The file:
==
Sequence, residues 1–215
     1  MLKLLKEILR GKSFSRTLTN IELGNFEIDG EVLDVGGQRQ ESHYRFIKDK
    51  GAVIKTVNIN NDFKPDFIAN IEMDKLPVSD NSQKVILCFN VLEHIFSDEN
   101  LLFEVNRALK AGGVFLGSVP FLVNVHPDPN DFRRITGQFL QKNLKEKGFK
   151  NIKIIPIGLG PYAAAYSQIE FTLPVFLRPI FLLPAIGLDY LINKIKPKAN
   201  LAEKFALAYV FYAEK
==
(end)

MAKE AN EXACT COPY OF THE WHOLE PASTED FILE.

Sequence, residues 1–215
     1  MLKLLKEILR GKSFSRTLTN IELGNFEIDG EVLDVGGQRQ ESHYRFIKDK
    51  GAVIKTVNIN NDFKPDFIAN IEMDKLPVSD NSQKVILCFN VLEHIFSDEN
   101  LLFEVNRALK AGGVFLGSVP FLVNVHPDPN DFRRITGQFL QKNLKEKGFK
   151  NIKIIPIGLG PYAAAYSQIE FTLPVFLRPI FLLPAIGLDY LINKIKPKAN
   201  LAEKFALAYV FYAEK